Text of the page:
Egypt's government will begin next week demolishing homes vacated by residents in the lower-income area in central Cairo known as the Maspero Triangle to make way for a project to develop the area into an investment and residential hub, the housing ministry said in a statement on Tuesday.
The government has for years been planning to vacate the area, which neighbours deluxe shopping malls and five-star hotels along the Nile Corniche. However, the evacuation had been met with defiance from residents, many of whom had lived or worked there for decades.
The housing ministry's statement came after a meeting between Minister of housing Mostafa Madbouly and Cairo governor Atef Abdel-Hamid.
Over 900 out of 4,500 families residing in the area have received compensation and already vacated their homes, the Cairo governor was quoted as saying in the statement.
The government has listed five methods of compensation for locals in return for their homes, which will be replaced with commercial and residential buildings over three years.
Most of the families would not be able to afford to rent or buy in the area after it is developed, so most have opted for a one-time financial compensation between EGP 100,000 and EGP 280,000 for their residence. Others have agreed to relocate to El-Asmarat neighbourhood in Mokattam district.
The governor said that out of the 900 families, more than 550 have received financial compensation and the rest have been relocated to Mokattam.
The Maspero Triangle, located in the old Boulaq neighbourhood by the Nile, is also home to countless small workshops.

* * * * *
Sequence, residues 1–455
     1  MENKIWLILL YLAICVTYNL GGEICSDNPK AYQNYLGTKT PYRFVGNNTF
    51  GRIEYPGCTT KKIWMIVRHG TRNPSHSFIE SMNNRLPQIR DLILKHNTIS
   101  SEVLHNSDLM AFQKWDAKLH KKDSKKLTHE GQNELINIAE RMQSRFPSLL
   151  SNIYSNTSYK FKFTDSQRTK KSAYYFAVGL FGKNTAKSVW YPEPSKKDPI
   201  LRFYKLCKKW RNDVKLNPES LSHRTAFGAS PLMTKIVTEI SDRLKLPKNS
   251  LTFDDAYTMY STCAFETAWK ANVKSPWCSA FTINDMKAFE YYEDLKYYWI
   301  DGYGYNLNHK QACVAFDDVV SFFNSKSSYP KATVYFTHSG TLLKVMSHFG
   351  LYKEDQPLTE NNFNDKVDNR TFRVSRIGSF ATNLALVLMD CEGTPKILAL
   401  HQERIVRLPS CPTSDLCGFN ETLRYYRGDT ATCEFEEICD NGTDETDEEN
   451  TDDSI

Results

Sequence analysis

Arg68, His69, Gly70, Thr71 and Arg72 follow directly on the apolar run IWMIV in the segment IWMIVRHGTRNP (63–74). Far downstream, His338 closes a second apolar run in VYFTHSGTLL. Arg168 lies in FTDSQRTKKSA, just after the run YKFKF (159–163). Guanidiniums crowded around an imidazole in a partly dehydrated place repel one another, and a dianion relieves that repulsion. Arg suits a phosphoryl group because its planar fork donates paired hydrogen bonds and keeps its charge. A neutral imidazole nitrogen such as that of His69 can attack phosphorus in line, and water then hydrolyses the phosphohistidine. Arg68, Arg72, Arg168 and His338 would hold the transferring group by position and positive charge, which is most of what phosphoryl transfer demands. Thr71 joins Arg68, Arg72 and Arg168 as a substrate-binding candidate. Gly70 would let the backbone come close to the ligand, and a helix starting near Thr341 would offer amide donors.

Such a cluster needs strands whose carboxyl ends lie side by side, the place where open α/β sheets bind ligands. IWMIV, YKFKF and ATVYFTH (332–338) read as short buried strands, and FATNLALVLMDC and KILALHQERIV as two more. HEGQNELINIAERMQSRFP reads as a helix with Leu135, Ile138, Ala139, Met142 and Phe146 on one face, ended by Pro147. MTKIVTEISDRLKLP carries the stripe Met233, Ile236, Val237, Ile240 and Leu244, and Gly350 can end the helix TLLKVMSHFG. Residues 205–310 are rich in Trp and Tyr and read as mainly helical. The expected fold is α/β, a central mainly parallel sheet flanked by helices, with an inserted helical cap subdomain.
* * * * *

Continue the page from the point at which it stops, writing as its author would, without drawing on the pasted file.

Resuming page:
The area, which was given its name because of its triangle shape on the map, stands on 74 feddans (77 acres) and is home to at least 18,000 residents, according to 2014 estimates by Madd platform, an independent urban development institution.
The dispute over the area dates back some three decades, when development projects began to be proposed and Gulf Arab investors started acquiring buildings and blocks of land in the area.
The Cairo governor says the demolition will be carried out street-by-street.
However, Mahmoud Shaaban, who represents tenants in the area, says almost every street still has some occupied homes whose residents have yet to receive compensation that would allow them to vacate.
"The process of handing residents cheques is very slow; only 20 percent of those who chose compensation have received their payments," he told Ahram Online.
"How can they start demolishing when there are residents still waiting to know their fate?" he wondered.
Only 20 percent of residents chose to return to the area after development, officials say.
For those, the minister says, a contract with the Cairo governorate will be drawn up within the coming few days, under which families will receive a 12-month monthly allowance to rent a temporary home in the area of their choice.
Shop owners, meanwhile, will continue to hold their property until an agreement on a "fair compensation" is reached within the coming week, the minister added.